The first day of the Alpine Academy began with the traditional clean-up of rubbish from the last winter season. Equipped with a lunch ration and a black garbage bag, we took the La Flégère cable car up to the 2000 metre-high slope north of Chamonix and started our clean up. „How much rubbish can there be,“ I thought on the way up, but what we brought back by the end of the day was horrifying. My garbage bag alone was, after 4 hours, so heavy that it was an effort just dragging it back to the meeting point. Cigarette stubs, chewing gum, packaging, plastic bottles, and countless other types of rubbish were picked up by hand and brought back into the valley. I was overcome with sadness looking at all the full bags. How can anyone, especially here in the mountains, treat nature with so little respect?
Still the day had been fun. The amazing views and the fresh mountain air did wonders after the long day of travel to get here, and, in the end, the feeling of having done something good and of having given something back to Mother Nature is itself reward enough.
In the evening there was a small presentation from Arc’teryx showcasing Norvan VT, their first trail-running shoe.
Day 2: Acclimatisation
Because heading up into high altitudes when your body is not used to it is not particularly good for us humans, it is recommended that we take at least a day to acclimatise to the conditions. Naturally, the Alpine Academy in their experience and wisdom offer a trip exactly for this purpose, and so it was that we set out in 7-person groups from Alpine Village to Montenvers, 1900 meters high and with a view of the Mer de Glace glacier. Luckily the rain stayed away that day and the views were, despite some fog, excellent. The others in my group were all very nice and we were able to slip easily into conversation, which made the hike quite entertaining and made for a happy atmosphere. After a short visit to an ice cave carved into the Mer de Glace glacier, we took the famous red Montenvers railway back to the valley.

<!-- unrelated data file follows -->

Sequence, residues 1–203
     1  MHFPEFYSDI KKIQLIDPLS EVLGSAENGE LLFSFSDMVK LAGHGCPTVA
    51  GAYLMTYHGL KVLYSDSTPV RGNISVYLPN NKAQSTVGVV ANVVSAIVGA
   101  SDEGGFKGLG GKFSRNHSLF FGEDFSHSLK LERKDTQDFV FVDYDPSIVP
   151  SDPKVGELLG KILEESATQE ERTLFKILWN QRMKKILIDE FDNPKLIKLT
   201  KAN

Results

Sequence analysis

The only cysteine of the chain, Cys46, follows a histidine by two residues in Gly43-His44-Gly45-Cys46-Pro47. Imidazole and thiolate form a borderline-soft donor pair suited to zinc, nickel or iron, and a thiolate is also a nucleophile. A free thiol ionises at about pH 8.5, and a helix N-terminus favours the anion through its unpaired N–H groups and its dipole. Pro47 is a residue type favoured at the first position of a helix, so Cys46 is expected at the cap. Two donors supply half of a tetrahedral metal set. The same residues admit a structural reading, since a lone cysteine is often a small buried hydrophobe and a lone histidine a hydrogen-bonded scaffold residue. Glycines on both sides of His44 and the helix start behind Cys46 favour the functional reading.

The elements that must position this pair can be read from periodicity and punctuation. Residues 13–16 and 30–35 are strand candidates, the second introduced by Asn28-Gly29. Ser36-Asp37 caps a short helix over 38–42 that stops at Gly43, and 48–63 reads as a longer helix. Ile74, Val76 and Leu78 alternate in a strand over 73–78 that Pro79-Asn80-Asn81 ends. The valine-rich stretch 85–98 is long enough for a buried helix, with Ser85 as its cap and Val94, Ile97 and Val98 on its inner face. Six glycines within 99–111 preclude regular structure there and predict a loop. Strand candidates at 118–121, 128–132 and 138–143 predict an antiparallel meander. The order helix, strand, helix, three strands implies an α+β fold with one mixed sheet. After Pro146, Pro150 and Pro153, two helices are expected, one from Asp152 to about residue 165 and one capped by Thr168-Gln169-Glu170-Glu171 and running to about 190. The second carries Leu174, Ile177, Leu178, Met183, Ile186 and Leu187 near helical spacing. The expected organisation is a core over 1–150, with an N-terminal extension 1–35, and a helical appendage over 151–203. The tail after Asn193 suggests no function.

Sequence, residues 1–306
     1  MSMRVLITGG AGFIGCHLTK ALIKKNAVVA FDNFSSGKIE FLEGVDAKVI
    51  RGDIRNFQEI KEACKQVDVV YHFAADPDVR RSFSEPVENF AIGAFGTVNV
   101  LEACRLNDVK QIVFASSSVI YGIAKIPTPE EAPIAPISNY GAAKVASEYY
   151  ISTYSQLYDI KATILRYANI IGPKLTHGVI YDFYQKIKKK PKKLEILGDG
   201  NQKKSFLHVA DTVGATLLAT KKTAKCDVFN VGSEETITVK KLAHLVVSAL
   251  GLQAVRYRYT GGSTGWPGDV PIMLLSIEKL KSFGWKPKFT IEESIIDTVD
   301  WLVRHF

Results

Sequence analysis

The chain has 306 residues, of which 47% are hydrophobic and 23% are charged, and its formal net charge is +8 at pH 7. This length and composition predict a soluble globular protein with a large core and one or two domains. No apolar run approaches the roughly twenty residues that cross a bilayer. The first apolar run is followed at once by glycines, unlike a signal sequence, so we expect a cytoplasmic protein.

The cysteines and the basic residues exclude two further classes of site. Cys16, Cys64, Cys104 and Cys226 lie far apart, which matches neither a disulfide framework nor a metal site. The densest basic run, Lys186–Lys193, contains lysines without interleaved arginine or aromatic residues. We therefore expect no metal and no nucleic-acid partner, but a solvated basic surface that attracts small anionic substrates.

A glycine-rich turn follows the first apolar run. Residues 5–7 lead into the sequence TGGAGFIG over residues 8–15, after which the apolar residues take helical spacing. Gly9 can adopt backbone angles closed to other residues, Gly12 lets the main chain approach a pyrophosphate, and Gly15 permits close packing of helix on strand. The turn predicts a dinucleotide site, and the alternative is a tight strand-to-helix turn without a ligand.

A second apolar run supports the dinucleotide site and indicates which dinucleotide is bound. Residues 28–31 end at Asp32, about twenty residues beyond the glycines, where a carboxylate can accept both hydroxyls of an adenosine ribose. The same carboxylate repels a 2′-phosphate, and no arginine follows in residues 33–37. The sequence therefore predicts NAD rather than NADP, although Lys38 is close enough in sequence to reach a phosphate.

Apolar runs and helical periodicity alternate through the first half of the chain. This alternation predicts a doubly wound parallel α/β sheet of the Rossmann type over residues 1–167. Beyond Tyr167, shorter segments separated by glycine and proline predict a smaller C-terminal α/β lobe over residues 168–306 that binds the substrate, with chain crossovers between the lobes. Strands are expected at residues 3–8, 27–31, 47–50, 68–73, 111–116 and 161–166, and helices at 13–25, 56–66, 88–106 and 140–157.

Day 3: Glacier Tour of Vallée Blanche
My legs were already a little sore by the morning of the third day but I was pumped as I climbed into the rocking gondola that was taking our 6-man group to the top of the 3,842 meter-high Aiguille du Midi. Unlike the previous two days, the sun was shining and the view of the Vallée Blanche glacier was overwhelming. But there was little time to gape and take photos because I had to put on my crampons and the FL-365 harness that I borrowed from Arc’teryx and take my place in the rope team. The first steps with the crampons were somewhat unusual but I quickly got used to them and was surprised at how firm and stable they were to walk with even on the steep descent over hard snow to the Vallée Blanche. Still I had to really concentrate on where I was going and was embarrassed each time I tripped on my own foot because I was distracted by the breath-taking panorama. The Vallée Blanche, famous for its freeriders, looked like a postcard winter paradise in the sunlight. Here and there were other rope teams like ours and also ski groups. After a half-hour’s march we arrived at a good spot for demonstrating how to rescue a group member from a crevasse. Our guide was both friendly and experienced and made the exercise not only entertaining but extremely informative. Being one of the most important things to know when hiking a glacier, we repeated the procedure until each and every one of us had mastered it.